Co-author Jerry Newcombe notes this: Through the years, as a producer for Coral Ridge Ministries (now D. James Kennedy Ministries), I’ve covered so many stories related to this—where Christians were discriminated against because of the supposed separation of church and state. For example, I remember an African-American woman who was kicked off a public bus in the pouring rain in the Pacific Northwest. Even though she was pregnant, she had to walk home in the driving rain. Why was she kicked off the bus? Because she was telling another passenger (who was interested) about her church. The bus driver said you can’t talk about God. Get off the bus.

I remember another story where a girl got an F on a history paper she wrote in her public high school. Initially she had permission to write about Jesus of Nazareth, but then the teacher changed her mind and disallowed it—while permitting other students to write about subjects related to other religions or the occult. And this discrimination was done because of the supposed separation of church and state.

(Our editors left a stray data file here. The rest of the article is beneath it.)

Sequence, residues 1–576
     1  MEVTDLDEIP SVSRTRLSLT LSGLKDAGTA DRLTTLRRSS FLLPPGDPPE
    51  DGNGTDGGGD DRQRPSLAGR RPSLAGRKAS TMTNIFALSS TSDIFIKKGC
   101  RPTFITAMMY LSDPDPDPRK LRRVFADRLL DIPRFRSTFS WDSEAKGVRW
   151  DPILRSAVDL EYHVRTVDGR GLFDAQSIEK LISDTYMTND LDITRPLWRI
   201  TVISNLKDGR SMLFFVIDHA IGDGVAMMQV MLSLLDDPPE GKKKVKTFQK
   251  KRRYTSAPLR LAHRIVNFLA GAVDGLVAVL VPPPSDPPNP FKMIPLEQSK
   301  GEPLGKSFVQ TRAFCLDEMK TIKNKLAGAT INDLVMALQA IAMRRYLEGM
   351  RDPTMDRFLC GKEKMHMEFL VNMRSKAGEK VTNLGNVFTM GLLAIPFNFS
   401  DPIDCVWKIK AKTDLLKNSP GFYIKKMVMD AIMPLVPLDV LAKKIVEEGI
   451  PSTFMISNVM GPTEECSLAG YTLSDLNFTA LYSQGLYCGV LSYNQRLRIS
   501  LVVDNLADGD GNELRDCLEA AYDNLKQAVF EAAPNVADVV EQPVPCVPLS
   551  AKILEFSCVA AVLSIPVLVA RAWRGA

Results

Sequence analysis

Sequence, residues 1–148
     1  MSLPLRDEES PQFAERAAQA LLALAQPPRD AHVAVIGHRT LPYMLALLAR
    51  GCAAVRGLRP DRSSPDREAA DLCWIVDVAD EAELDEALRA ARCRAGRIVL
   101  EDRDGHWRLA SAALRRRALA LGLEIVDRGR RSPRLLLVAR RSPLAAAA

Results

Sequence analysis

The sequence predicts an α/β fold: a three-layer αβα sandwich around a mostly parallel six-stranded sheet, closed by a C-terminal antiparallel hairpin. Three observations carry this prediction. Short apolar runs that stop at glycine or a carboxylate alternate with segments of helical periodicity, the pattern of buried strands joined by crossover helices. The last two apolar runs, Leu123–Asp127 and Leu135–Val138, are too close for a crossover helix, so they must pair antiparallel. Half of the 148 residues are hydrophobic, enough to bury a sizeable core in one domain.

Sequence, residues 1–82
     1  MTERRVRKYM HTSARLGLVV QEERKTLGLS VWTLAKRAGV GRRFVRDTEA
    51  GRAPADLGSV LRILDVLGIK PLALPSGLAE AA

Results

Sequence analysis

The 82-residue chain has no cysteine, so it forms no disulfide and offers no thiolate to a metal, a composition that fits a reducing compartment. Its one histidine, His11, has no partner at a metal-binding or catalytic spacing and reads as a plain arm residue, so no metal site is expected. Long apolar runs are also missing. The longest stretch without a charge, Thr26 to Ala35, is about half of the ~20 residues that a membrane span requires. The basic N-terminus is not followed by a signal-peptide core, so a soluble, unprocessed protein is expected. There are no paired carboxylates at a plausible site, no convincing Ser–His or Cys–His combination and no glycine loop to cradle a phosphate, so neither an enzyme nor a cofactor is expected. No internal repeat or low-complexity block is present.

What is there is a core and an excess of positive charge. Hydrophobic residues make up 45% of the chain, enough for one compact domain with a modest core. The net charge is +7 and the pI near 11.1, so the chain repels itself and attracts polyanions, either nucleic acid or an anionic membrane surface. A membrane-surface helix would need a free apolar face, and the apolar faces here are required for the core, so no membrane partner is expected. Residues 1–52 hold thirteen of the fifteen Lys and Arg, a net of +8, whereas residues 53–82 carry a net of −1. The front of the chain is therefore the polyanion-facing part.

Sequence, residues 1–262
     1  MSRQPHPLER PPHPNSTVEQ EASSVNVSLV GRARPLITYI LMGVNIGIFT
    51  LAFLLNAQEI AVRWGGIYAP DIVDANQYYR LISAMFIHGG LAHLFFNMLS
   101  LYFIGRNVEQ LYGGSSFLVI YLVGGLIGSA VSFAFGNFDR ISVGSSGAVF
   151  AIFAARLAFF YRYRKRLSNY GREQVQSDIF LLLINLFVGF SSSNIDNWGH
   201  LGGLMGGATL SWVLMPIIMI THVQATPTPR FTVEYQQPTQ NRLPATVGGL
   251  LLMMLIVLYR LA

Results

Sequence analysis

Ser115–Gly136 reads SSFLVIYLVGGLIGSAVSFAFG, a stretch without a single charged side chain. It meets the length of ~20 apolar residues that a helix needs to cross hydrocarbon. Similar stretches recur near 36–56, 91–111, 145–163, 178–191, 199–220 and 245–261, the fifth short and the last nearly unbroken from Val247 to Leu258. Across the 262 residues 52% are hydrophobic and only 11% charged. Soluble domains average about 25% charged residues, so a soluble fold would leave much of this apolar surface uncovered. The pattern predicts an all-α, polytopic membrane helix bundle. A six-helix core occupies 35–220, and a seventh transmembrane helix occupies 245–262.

One time a judge in Texas said to a group of ministers sponsoring a baccalaureate service that if any of them prayed in the name of Jesus at that service, he would have them arrested, thrown in jail for a minimum of 6 months. The judge said, “you will wish you died as a child by the time this court gets through with you.” This is not what the founders intended.

We wrote “Doubting Thomas” to show that misinterpreting Jefferson is how we got into this mess and what we need to get back on the right track.

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